Applications for funding may be submitted by several types of persons, both natural and legal. Small businesses and entrepreneurs can apply for grants, guarantees, loans, and equity funding on both the national level and through direct EU support. This form of EU financing is provided to local financial institutions who make the financing decisions to help support local business growth. NGOs whose aims coincide with EU interests are also eligible for EU support. These range from cultural, educational, justice and citizen’s rights, all the way to science and technology, environmental, and business interests. The research and development (R&D) area, underpinned by the EU’s R&D policy, as well as the network incentives across Member States funded by the Connecting Europe Facility (CEF) are also worth mentioning as they are at the forefront of the EU’s interest in R&D and in fostering cross-border infrastructural networks. Researchers can apply for funding from the allocated €80 billion budget mainly through the Horizon 2020 programme under the 2014-2020 programming period, whereas those seeking to build cross-border infrastructure can make use of the 30.4 billion EUR (€22.4 billion for Transport, €4.7 billion for Energy, and €0.3 billion for Telecoms) made available under the CEF.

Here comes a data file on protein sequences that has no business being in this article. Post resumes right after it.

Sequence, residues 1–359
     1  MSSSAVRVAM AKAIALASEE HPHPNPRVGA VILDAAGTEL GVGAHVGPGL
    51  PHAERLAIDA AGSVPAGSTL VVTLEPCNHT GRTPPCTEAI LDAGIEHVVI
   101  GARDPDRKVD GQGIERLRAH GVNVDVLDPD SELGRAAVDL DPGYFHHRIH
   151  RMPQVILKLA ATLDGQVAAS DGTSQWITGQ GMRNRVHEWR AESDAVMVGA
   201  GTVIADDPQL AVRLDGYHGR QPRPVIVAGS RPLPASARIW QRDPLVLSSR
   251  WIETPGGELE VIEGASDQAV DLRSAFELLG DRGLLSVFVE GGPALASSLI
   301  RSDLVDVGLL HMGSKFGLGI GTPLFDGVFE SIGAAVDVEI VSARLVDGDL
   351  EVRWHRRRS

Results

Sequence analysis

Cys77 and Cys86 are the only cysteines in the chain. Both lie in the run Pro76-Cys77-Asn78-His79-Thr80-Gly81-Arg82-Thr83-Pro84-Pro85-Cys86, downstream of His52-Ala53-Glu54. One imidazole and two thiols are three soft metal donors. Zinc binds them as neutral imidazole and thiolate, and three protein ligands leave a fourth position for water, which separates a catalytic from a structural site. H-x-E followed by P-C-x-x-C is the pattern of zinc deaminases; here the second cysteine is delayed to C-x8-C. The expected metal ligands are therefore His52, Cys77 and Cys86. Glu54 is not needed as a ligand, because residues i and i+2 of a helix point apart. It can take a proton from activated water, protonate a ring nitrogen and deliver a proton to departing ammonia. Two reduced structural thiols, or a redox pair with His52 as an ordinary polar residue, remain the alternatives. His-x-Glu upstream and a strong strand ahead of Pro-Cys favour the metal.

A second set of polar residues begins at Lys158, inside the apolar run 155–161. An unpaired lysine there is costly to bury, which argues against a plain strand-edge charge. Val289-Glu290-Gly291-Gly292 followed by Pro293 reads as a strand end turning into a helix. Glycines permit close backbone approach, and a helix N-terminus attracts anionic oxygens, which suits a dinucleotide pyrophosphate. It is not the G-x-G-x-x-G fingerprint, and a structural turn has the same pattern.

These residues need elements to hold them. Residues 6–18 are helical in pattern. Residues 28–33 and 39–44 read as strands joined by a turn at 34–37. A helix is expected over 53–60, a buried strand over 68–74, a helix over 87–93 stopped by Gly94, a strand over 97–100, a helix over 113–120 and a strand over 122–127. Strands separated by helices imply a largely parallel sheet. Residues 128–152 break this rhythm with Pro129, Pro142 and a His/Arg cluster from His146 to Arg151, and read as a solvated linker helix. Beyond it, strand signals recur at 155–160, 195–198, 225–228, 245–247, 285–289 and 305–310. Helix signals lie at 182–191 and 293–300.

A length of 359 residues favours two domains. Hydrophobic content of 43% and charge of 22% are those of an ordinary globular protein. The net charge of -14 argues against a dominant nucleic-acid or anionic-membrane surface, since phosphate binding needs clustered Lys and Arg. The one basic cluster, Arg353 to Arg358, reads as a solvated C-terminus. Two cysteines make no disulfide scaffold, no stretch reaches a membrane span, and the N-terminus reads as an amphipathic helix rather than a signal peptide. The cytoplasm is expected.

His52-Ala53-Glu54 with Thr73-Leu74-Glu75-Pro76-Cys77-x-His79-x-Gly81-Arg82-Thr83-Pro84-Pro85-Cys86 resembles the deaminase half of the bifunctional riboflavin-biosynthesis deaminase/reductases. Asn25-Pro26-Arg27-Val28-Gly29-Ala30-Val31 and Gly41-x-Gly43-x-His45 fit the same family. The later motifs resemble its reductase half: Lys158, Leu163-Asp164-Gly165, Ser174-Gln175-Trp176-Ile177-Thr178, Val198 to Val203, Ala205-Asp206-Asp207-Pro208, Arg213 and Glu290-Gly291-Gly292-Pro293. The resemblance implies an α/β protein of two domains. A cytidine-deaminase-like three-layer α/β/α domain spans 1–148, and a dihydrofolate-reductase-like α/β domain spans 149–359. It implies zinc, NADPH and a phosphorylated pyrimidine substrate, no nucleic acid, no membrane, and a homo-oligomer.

Governments and private sector entities of Member States make use of EU funding to part-finance investments and large-scale infrastructure projects that might never take place if it were not for the grant. Funds such as the Structural Funds and the Cohesion Fund (CF) are available for projects that will bring about economic and social development and cohesion in the European Union. The ERDF has several ‘key priority areas’ which it is more likely to finance than others, including Small and Medium Enterprises (SMEs), the digital agenda, innovation and research, and the low-carbon economy. Member States with a Gross National Income less than 90% of the EU average can apply for funding from the € 63.4 billion allocated to the CF. This fund is purely aimed at reducing regional disparities between European economies while promoting sustainable development. Member States’ governments can also apply for funding from the ESF, the EMFF, and the European Union Solidarity Fund (EUSF).